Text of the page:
Tianyi Yu, Ph.D., is an associate research scientist at the Center for Family Research, University of Georgia. She received her Ph.D. in Human Development and Family Studies at Auburn University, and was a former post-doctoral fellow on the Family Transitions Study. Her major research goal is to identify factors and processes associated with resiliency and vulnerabilities in children as well as young adults who experience family stress and transitions.

Nina Howe, Ph.D., holds the Concordia University Research Chair in Early Childhood Development and Education and is a Professor in the Department of Education, Concordia University, Montreal, Quebec, Canada. Her areas of research include relationships (particularly sibling pretense, conflict, teaching, imitation), the social-cognitive development of preschool and school-aged children, children's play, and early childhood education.

Table of Contents

CONTENTS

I. INTRODUCTION: UNDERSTANDING THE TRANSITION TO SIBLINGHOOD FROM A DEVELOPMENTAL PSYCHOPATHOLOGY AND ECOLOGICAL SYSTEMS PERSPECTIVE.....7
Brenda L. Volling

II. METHODS AND PROCEDURES FOR THE FAMILY TRANSITIONS STUDY.....26
FROM A DEVELOPMENTAL PSYCHOPATHOLOGY AND ECOLOGICAL
SYSTEMS PERSPECTIVE
Wonjung Oh, Brenda L.Volling, Richard Gonzalez, Lauren Rosenberg, and Ju-Hyun Song

III. STABILITY AND CHANGE IN CHILDREN’S EMOTIONAL AND BEHAVIORAL ADJUSTMENT AFTER THE BIRTH OF A SIBLING.....46
Brenda L. Volling,Wonjung Oh, and Richard Gonzalez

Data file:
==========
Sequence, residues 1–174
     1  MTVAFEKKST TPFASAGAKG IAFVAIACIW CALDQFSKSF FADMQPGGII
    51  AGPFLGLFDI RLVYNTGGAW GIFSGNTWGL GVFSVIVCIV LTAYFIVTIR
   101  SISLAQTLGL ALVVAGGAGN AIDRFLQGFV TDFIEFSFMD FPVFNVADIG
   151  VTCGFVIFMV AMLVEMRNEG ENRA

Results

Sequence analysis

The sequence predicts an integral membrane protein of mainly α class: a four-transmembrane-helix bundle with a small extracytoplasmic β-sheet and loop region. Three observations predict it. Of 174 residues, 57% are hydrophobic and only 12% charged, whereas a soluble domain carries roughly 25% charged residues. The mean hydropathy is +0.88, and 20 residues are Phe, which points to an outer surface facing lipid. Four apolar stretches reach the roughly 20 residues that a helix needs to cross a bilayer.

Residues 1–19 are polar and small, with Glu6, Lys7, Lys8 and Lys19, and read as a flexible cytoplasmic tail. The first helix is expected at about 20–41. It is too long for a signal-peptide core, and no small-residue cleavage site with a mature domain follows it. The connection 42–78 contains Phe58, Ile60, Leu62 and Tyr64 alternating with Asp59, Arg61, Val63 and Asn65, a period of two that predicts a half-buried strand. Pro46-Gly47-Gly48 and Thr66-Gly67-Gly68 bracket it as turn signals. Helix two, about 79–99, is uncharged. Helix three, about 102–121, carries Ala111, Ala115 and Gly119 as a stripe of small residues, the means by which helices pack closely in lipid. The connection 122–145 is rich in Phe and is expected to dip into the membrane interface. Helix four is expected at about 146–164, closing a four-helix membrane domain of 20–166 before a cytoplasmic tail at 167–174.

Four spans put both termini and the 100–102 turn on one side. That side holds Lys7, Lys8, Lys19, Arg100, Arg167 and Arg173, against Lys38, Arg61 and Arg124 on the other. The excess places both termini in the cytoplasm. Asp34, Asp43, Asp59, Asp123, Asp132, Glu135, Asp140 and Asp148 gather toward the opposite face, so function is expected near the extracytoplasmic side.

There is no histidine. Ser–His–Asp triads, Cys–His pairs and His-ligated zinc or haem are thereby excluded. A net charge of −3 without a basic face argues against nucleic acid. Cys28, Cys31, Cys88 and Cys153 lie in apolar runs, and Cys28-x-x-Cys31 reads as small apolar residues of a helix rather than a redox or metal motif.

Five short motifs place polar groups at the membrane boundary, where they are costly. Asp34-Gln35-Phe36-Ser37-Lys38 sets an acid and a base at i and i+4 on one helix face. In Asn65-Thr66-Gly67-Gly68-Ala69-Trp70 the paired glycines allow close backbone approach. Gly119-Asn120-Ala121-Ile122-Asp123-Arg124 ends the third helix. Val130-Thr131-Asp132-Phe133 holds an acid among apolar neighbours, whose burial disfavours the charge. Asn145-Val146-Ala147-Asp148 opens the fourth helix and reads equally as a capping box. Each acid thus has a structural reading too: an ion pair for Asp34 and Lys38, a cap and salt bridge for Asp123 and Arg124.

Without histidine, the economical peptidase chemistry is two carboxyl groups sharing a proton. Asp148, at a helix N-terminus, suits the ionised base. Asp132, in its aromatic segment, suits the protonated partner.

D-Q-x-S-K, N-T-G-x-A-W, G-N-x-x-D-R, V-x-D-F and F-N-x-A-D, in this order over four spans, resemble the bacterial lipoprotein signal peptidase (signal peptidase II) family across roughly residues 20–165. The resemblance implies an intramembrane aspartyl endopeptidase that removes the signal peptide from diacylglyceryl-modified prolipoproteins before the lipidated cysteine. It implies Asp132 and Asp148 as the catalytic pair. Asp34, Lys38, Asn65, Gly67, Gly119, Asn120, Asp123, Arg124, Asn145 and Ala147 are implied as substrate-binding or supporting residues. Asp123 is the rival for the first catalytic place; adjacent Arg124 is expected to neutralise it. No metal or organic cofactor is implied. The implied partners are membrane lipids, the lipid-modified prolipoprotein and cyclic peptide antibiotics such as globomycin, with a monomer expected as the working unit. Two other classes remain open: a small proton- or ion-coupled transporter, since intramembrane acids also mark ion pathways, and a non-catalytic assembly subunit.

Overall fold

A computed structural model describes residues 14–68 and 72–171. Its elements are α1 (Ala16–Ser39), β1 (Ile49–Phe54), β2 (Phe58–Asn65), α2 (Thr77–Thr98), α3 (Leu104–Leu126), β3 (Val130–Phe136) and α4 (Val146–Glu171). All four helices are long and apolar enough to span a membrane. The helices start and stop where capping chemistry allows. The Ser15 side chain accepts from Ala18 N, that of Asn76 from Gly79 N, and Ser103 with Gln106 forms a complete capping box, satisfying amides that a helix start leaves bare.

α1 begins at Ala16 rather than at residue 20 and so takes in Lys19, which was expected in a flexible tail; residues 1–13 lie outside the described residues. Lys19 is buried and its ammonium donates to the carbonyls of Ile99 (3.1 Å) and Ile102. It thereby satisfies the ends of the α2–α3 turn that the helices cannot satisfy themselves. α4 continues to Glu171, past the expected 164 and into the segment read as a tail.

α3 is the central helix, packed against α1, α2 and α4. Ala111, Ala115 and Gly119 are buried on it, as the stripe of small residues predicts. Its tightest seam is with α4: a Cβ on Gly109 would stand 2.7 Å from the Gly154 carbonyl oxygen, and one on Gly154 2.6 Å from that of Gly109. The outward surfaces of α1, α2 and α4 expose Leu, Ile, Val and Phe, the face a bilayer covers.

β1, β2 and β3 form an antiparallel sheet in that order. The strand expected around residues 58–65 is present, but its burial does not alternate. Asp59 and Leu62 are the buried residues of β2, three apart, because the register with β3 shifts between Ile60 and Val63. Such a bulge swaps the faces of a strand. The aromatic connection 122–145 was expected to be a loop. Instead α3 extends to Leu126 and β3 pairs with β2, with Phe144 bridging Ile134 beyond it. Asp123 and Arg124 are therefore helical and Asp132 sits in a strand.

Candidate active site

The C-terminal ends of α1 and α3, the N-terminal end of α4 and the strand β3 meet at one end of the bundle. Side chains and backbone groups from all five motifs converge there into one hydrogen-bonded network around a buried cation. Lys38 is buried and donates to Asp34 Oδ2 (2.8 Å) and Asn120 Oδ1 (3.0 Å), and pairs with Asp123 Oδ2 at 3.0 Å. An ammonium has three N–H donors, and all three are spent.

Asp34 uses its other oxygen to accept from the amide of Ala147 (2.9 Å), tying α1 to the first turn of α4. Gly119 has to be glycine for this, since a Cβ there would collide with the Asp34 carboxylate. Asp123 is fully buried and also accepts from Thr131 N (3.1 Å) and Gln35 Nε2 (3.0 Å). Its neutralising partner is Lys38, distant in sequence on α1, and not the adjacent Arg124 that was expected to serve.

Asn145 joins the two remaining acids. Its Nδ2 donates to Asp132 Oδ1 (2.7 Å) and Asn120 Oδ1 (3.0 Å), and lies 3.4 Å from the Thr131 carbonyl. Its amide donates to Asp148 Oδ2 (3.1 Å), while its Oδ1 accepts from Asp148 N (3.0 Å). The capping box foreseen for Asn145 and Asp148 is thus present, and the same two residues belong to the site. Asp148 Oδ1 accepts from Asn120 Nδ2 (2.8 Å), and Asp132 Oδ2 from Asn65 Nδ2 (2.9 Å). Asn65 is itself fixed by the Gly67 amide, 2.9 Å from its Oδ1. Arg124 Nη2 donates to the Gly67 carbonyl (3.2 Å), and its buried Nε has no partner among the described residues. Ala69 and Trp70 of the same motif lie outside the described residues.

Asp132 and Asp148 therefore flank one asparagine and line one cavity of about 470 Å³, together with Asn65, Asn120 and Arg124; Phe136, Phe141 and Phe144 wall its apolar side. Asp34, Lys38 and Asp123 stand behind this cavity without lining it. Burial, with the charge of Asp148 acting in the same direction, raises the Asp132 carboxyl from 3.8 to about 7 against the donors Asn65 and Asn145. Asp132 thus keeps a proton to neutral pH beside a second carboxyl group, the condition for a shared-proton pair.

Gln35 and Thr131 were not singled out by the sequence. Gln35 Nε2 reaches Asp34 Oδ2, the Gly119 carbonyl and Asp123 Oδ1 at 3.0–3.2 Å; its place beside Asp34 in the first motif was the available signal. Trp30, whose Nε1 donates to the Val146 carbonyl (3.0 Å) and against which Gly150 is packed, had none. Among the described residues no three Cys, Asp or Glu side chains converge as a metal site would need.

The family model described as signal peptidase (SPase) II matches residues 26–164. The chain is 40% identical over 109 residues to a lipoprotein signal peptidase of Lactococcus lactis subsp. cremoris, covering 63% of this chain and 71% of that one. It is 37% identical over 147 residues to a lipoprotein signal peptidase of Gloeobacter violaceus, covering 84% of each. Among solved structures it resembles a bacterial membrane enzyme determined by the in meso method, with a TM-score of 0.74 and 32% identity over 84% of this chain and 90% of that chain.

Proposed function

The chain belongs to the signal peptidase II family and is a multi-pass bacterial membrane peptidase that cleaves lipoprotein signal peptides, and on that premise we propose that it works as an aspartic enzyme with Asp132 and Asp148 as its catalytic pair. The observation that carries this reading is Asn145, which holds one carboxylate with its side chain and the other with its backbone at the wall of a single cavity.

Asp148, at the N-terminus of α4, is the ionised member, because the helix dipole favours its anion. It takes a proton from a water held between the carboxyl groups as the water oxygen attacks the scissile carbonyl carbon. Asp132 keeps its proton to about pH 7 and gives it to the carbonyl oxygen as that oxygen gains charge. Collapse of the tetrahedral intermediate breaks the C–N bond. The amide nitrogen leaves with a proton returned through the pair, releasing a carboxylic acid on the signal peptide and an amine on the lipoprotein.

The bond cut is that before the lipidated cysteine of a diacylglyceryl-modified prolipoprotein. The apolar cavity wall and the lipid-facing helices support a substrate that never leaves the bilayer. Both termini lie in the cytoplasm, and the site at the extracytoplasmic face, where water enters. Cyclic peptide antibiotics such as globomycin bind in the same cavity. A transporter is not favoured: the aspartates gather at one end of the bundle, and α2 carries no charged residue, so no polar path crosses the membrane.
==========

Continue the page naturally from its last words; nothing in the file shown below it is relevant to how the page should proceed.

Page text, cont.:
IV. DEVELOPMENTAL TRAJECTORIES OF CHILDREN’S AGGRESSIVE BEHAVIORS AFTER THE BIRTH OF A SIBLING.....53
Brenda L.Volling, Richard Gonzalez,Tianyi Yu, and Wonjung Oh

V. DEVELOPMENTAL TRAJECTORIES OF CHILDREN’S ATTENTION PROBLEMS AFTER THE BIRTH OF A SIBLING.....72
Ju-Hyun Song,Wonjung Oh, Richard Gonzalez, Brenda L.Volling, and Tianyi Yu

VI. DEVELOPMENTAL TRAJECTORIES OF CHILDREN’S ANXIETY AND DEPRESSION AFTER THE BIRTH OF A SIBLING.....82
Elizabeth Thomason,Wonjung Oh, Brenda L.Volling, Richard Gonzalez, and Tianyi Yu

VII. DEVELOPMENTAL TRAJECTORIES OF CHILDREN’S EMOTIONAL REACTIVITY AFTER THE BIRTH OF A SIBLING.....93
Patty X. Kuo, Brenda L.Volling, Richard Gonzalez,Wonjung Oh, and Tianyi Yu

VIII. DEVELOPMENTAL TRAJECTORIES OF CHILDREN’S WITHDRAWAL AFTER THE BIRTH OF A SIBLING.....106
Wonjung Oh, Ju-Hyun Song, Richard Gonzalez, Brenda L.Volling, and Tianyi Yu

IX. DEVELOPMENTAL TRAJECTORIES OF CHILDREN’S SOMATIC COMPLAINTS AFTER THE BIRTH OF A SIBLING.....118
Emma Beyers-Carlson, Matthew M. Stevenson, Richard Gonzalez,Wonjung Oh,
Brenda L.Volling, and Tianyi Yu

X. DEVELOPMENTAL TRAJECTORIES OF CHILDREN’S SLEEP PROBLEMS AFTER THE BIRTH OF A SIBLING.....130
Paige Safyer, Matthew M. Stevenson, Richard Gonzalez, Brenda L.Volling, Wonjung Oh,
and Tianyi Yu

XI. GENERAL DISCUSSION: CHILDREN’S ADJUSTMENT AND ADAPTATION FOLLOWING THE BIRTH OF A SIBLING.....142
Brenda L.Volling

REFERENCES.....159

ACKNOWLEDGMENTS.....183

COMMENTARY

PREDICTING NORMATIVE AND PROBLEMATIC FAMILY PATHWAYS TO THE TRANSITION TO SIBLINGHOOD: COMMENTARY ON VOLLING ET AL.'S MONOGRAPH.....184
Nina Howe

CONTRIBUTORS.....196

STATEMENT OF EDITORIAL POLICY.....199

SUBJECT INDEX.....201